The Eskimo Nebula
Talk about double trouble.
Celestial twins Castor and Pollux - one a boxer, the other a horseman - were apparently quite the rowdies in their day.
They sailed with Jason and the Argonauts and once, at a wedding party, stole their own cousins' brides.
(One of those cousins later killed Castor, but not for that. It seems Castor also was rustling the cousin's cattle, which was just too much.)
Together, of course, the twins form the constellation Gemini, which floats high in the March sky. Although it's slightly overshadowed by some of the bigger and brighter constellations of the season, Gemini is easy to locate.
Go outside an hour or two after sunset, face south and look almost overhead for two fairly bright stars about 4.5 degrees apart. (Your thumb at arm's length is about 2 degrees wide.) Those stars - Castor and Pollux - represent the heads of the twins. A couple of strings of much fainter stars, which stretch down toward Orion, represent their bodies.
If you're not sure you've found Gemini, look first for the constellation Orion, slightly to the south-southwest. Castor and Pollux are far above and to Orion's left, as you face south. Print a star chart at skymaps.com for more guidance.
Castor, the northernmost of the two stars, is about 50 light-years away. Through a telescope, it appears as two stars that astronomers say orbit each other once every 470 years or so. Each of those stars is itself a double, but you won't be able to see that with a backyard telescope.
In addition, a faint red star - also a double - circles the others, making Castor an amazing sextuple system: six stars that orbit one another in an intricate celestial ballet.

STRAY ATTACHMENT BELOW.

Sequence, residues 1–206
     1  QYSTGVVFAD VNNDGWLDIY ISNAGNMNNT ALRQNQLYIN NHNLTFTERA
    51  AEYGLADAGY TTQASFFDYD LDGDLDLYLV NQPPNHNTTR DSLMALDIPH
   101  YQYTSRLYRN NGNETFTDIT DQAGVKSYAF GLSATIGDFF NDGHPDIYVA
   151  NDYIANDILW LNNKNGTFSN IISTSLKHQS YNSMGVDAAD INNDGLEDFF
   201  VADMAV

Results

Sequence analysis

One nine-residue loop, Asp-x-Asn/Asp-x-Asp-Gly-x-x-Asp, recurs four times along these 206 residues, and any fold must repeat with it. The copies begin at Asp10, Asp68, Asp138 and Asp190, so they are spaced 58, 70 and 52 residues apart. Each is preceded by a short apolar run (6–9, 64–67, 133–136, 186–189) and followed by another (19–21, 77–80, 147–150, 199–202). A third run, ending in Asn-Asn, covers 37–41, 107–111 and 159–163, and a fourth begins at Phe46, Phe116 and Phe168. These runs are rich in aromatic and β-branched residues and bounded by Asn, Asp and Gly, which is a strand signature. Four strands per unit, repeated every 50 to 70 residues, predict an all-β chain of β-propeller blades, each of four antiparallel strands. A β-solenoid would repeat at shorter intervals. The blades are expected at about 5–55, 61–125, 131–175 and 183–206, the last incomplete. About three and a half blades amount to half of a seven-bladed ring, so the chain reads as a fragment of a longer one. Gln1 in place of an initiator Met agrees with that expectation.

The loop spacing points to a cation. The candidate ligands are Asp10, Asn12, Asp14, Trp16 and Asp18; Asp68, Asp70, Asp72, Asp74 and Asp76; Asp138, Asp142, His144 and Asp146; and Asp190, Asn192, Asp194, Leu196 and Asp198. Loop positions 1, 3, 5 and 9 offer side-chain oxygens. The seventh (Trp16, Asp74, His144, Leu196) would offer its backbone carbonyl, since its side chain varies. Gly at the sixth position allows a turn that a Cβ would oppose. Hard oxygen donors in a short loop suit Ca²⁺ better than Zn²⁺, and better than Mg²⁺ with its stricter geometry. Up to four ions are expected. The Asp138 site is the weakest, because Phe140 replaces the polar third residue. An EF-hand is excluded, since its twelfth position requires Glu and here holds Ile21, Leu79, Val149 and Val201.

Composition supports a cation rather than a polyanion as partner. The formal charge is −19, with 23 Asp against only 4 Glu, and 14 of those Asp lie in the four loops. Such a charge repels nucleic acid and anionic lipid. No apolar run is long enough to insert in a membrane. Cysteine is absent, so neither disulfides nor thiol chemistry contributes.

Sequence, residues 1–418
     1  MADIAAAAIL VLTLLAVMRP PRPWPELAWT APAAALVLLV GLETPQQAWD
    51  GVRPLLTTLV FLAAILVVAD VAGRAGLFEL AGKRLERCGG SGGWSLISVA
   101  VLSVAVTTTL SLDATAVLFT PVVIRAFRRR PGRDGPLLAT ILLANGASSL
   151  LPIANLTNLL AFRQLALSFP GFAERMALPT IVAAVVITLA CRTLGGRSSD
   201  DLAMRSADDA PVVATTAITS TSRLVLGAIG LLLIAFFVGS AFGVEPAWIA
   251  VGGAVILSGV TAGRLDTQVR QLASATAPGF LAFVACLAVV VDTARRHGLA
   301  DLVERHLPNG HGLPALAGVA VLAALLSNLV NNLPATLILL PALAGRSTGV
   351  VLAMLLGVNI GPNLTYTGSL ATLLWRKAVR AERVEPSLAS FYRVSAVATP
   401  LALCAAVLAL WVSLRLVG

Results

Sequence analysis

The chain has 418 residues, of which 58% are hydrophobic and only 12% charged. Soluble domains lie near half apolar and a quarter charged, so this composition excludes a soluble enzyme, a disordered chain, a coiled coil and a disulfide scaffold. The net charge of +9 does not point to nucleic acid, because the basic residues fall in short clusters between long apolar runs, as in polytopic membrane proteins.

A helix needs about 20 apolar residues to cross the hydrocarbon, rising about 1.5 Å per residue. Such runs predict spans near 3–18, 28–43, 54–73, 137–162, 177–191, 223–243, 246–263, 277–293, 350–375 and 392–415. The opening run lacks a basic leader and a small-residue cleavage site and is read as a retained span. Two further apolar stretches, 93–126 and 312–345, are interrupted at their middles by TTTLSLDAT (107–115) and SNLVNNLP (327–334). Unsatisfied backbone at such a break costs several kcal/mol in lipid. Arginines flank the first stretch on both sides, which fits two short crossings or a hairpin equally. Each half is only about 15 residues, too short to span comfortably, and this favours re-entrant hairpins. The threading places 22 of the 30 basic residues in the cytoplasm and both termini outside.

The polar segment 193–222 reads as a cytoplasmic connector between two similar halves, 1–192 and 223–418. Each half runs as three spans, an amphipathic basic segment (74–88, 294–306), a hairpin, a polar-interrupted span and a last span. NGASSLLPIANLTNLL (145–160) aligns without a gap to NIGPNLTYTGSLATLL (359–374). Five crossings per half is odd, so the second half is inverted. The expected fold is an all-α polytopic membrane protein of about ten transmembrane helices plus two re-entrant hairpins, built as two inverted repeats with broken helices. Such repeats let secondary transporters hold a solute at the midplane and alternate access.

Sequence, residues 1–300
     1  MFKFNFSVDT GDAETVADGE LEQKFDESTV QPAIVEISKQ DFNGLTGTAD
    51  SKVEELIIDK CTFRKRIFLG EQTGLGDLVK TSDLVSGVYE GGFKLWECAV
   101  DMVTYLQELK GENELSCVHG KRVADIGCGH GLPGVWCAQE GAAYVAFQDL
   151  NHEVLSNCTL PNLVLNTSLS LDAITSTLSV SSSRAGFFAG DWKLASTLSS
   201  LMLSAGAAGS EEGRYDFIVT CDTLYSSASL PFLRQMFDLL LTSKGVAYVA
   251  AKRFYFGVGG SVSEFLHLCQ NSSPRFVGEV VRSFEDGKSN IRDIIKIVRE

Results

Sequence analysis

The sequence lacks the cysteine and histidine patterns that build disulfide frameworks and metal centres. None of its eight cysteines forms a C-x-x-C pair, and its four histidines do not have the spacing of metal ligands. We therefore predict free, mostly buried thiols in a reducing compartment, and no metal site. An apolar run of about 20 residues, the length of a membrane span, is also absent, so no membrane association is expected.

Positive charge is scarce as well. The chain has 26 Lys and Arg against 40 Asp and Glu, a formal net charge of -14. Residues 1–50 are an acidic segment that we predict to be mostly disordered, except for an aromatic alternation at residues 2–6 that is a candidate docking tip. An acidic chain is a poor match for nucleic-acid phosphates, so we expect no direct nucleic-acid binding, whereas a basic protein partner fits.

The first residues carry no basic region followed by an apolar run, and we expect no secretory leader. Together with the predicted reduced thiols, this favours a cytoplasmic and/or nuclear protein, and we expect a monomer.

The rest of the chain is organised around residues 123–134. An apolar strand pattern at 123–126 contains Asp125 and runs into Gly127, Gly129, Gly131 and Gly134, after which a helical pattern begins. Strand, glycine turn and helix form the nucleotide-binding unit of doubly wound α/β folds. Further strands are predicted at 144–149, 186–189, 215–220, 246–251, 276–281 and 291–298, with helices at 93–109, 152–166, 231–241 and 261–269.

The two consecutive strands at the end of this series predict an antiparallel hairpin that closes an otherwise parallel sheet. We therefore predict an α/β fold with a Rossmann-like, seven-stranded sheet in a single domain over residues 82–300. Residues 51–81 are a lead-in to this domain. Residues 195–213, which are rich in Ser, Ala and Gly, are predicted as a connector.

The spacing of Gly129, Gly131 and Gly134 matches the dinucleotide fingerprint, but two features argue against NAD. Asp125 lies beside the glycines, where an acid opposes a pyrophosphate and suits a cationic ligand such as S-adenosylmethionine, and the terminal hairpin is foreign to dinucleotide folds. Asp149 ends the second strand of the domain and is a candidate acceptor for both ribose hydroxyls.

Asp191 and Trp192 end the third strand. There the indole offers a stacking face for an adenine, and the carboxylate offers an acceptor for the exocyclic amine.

Pollux, slightly brighter than Castor, is an orange giant star about 34 light-years away.
Gemini contains several fine double stars, as well as some interesting star clusters and nebulae.
The star cluster known as M35, about 2,800 light-years away, is just visible to the naked eye. Binoculars and telescopes reveal a lovely spangle of glittering stars.
The nebula known as NGC 2392 appears as a small, ghostly patch of light in backyard telescopes. It is informally known as either the Clown Nebula or the Eskimo Nebula, as it is vaguely suggestive of a face surrounded by a faint fringe.
Long-exposure photographs reveal its full glory.
The vernal equinox, which marks the beginning of spring for those of us in the northern hemisphere, occurs at 4:21 p.m. March 20.
Jupiter continues to drop toward the western horizon after sunset throughout March, finally disappearing from view by the end of the month.
On March 15 it slides just two degrees past Mercury, which is making one of its better appearances of the year.
Look for the pair low in the western sky about 45 minutes after sunset on the 15th. Jupiter, the brighter of the two, is left of Mercury.
Look for the crescent moon to the left of Venus before sunrise on March 1 in the east-southeast.
An even thinner crescent hangs to the right of Jupiter in the western sky after sunset on March 6.
On March 22, 2001, the Mir spacecraft plunged back to Earth over the Pacific Ocean, marking the end of a remarkable 15 years in space.
More than 100 astronauts from 12 countries flew aboard the space station from shortly after its launch in February 1986 until its final evacuation in April 2000.
It was occupied continuously from September 1989 to August 1999, establishing a record that stood until astronauts aboard the International Space Station surpassed it last October.
by John Stanley The Arizona Republic Feb. 25, 2011 11:08 AM
March stargazing: Celestial twins ride high